In this study the effect of the preoperative education by residents (a booklet containing information about anesthesia and surgery) on reducing anxiety (caused by surgery and hospitalization) of 8 - 10 years old children and their mothers were investigated. Reading books and education by residents lead to reduced considerable anxiety in recipients (children and mothers), respectively. It is reported that most severe anxiety is during separation of children from their parents and during induction of anesthesia. There are different ways to reduce anxiety which divided into two categories: pharmaceutical and non-pharmaceutical used alone or in combination (6-12). Mother’s anxiety before surgery is important for the anesthesiologists. Increased maternal anxiety may increase children’s anxiety and eventually lead to numerous complications such as delirium-behavioral changes and increased postoperative pain in children. Different methods are used to reduce parental anxiety. Preparation programs to reduce parental anxiety before surgery can often be useful in daily practice. In this study, preoperative anxiety in children had a positive correlation with the level of anxiety of their mothers (13). The following describes that the booklet written by the author and described by residents significantly reduced levels of mothers’ anxiety. The direct relationship between maternal anxiety and children anxiety may increase the use of an effective way to reduce anxiety in mothers and children which will be very useful at the same time. Due to limited facilities at Tabriz children hospital, it seems that routine use of this technique is useful and affordable. Playing with anesthesia mask at home and parental planning to entertain the children before entering the operating room had a great impact on reducing children’s anxiety (1). Although effects of applying some systemic medications prior to, during or after surgery (local anesthesia, new surgery techniques and pain relieving techniques) have been studied for pain and anxiety control, postoperatively, there is yet no satisfactory cure for postoperative pain (11). In the present study, children who had received training by anesthesiology residents on the night before surgery had less anxiety. Although the anxiety level was not statistically significant between two groups (P = 0.06). Considering the significant impact of preoperative anxiety on postoperative clinical and psychological recovery, identifying the basic components of an intervention to reduce anxiety before surgery is needed (1). It is important that the children and mothers at this center rarely received psychologically preparation for anesthesia and surgery. Indeed, in this study it was shown that even a few minutes of preparation before surgery, by anesthesia residents on the night before surgery, is effective in reducing anxiety in children and parents. Although sedating agents, such as midazolam, are effective in reducing anxiety before surgery (1, 14). Prescription of these drugs is not always possible. Especially timing for premedication schedule in high crowded areas is problematic. However, higher costs, increased need for nursing care and prolonged stay in the post anesthesia care unit (PACU) will be the result of premedication (1). Distraction techniques and playing with anesthesia mask are the most successful methods for reducing anxiety before surgery (1, 3). Although this report demonstrates the usefulness of preoperative education and the manual shows about the anesthesia, it is not the only way to reduce anxiety. Further studies should be conducted to evaluate the combination of this method with other methods. In the conducted by Fortier et al. (1), the level of education in reducing anxiety has been reported as effective. In another study socio-economic and educational levels of mothers had no correlation with anxiety levels in children (13). Considering the possible impact of education on the anxiety level, literate parents were selected to participate in this study. It seems that oral explanations by showing images or videos for training illiterate parents are useful. The limitations of the present study were the lack of separation of parents and children in terms of education level, psychological status and anxiety background. In a study, mental preparation more than 5 days prior to surgery for children older than 6 years was beneficial. The effect of education on reducing anxiety just before surgery was minimal (5). However, in the present study due to the limited resources and lack of access to patients, few days before surgery, mental preparation was done on the night before surgery. Unlike the study mentioned even this preparation on the night before surgery was helpful in reducing anxiety in children and parents. Previous studies have shown that the behavior of health staff and parents is the essential factor in determining the level of anxiety in children (14-19). In a study by Aghajani et al. (20), an educational pamphlet and lecture can both improve some dimensions of the quality of life in patients with hypertension diagnosis. However, as pamphlets are cheap and easy to use, this method may be used as an alternative method for self-care education in health care settings in Iran, where the system is faced with nursing shortage (20). Findings of this study were in accordance with our study.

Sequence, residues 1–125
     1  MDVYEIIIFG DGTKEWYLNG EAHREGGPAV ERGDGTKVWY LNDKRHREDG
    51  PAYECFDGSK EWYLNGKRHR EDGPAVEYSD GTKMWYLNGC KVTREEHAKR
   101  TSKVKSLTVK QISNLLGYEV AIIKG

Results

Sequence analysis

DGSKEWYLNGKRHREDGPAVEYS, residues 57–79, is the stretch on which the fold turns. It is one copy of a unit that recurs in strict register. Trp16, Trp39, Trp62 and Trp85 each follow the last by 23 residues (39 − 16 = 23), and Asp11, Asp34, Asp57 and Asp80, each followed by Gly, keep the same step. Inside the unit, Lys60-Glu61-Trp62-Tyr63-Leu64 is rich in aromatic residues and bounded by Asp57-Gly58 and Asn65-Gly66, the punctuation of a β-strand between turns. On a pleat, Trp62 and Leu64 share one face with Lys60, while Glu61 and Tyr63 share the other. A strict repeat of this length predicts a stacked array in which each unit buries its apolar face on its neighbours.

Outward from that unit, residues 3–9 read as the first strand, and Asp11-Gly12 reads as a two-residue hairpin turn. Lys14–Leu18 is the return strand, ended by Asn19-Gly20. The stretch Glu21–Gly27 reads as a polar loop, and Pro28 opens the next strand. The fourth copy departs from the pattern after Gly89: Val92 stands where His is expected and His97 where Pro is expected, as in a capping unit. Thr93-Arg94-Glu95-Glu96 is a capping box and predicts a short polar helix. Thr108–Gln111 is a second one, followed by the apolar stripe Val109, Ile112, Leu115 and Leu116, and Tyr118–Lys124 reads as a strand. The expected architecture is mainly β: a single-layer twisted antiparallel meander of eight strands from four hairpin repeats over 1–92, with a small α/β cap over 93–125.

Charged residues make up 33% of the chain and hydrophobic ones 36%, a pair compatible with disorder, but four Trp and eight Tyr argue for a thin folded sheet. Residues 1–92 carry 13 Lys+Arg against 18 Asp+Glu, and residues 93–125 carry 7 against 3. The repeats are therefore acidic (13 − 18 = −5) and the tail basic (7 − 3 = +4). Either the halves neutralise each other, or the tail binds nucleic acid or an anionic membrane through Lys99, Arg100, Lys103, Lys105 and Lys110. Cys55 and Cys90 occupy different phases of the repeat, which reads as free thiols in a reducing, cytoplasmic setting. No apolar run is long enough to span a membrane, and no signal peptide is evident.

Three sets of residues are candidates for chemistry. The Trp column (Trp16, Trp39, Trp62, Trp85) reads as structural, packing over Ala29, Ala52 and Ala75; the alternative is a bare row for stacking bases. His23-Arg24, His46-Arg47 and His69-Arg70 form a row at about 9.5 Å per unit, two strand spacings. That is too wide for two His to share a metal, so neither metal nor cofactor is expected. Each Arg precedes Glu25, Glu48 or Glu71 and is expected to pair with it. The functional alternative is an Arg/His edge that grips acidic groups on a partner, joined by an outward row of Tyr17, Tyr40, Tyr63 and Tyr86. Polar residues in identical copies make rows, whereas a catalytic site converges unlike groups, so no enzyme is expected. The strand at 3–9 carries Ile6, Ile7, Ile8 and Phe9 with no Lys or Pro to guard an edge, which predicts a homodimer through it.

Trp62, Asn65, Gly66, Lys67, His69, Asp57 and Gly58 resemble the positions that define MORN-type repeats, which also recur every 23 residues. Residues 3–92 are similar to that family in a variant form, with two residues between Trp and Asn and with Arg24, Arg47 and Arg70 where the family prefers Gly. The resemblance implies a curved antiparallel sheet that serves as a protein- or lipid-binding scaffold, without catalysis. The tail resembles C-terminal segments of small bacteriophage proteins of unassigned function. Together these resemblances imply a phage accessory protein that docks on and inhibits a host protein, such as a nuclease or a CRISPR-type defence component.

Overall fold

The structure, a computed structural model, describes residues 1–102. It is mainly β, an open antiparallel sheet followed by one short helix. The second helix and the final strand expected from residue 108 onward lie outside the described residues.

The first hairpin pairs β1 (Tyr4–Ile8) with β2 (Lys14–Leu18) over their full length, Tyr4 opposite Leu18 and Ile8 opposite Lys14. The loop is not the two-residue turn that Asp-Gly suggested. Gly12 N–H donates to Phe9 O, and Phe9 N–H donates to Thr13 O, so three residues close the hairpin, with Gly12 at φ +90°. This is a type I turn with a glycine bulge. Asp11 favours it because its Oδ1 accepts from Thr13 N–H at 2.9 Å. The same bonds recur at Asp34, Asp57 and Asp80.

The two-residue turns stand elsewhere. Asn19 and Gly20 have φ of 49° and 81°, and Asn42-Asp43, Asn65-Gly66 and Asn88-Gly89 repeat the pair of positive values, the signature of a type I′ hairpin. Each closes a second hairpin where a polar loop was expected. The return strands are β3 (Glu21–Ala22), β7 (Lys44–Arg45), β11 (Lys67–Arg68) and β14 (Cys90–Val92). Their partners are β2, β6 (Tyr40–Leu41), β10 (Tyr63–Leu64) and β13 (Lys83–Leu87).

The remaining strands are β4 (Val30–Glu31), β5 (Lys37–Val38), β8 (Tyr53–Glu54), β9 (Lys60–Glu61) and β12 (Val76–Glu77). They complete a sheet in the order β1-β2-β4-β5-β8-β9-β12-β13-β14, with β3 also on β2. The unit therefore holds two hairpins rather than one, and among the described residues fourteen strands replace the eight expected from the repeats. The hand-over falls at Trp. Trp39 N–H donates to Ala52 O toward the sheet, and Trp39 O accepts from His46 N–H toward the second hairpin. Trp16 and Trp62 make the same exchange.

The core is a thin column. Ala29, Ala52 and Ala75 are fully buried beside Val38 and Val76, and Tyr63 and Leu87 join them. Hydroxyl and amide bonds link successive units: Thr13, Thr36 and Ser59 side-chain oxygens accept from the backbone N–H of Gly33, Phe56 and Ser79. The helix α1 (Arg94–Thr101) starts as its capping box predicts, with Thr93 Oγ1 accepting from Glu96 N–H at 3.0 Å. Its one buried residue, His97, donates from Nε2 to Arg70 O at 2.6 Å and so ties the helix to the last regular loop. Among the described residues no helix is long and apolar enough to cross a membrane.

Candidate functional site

The qualitative results of this study indicate a positive impact of health staff behavior in reducing parents’ and children’s anxiety. Although this report demonstrates the usefulness of the education with booklet on reducing preoperative anxiety, this is not apparently the only way to reduce anxiety. Further studies should be conducted to evaluate the combination of this method with other methods. Psychological preparation of children and parents before surgery or oral explanations on the basis of age and parents’ education level should be done routinely in any surgery ward.

Footnotes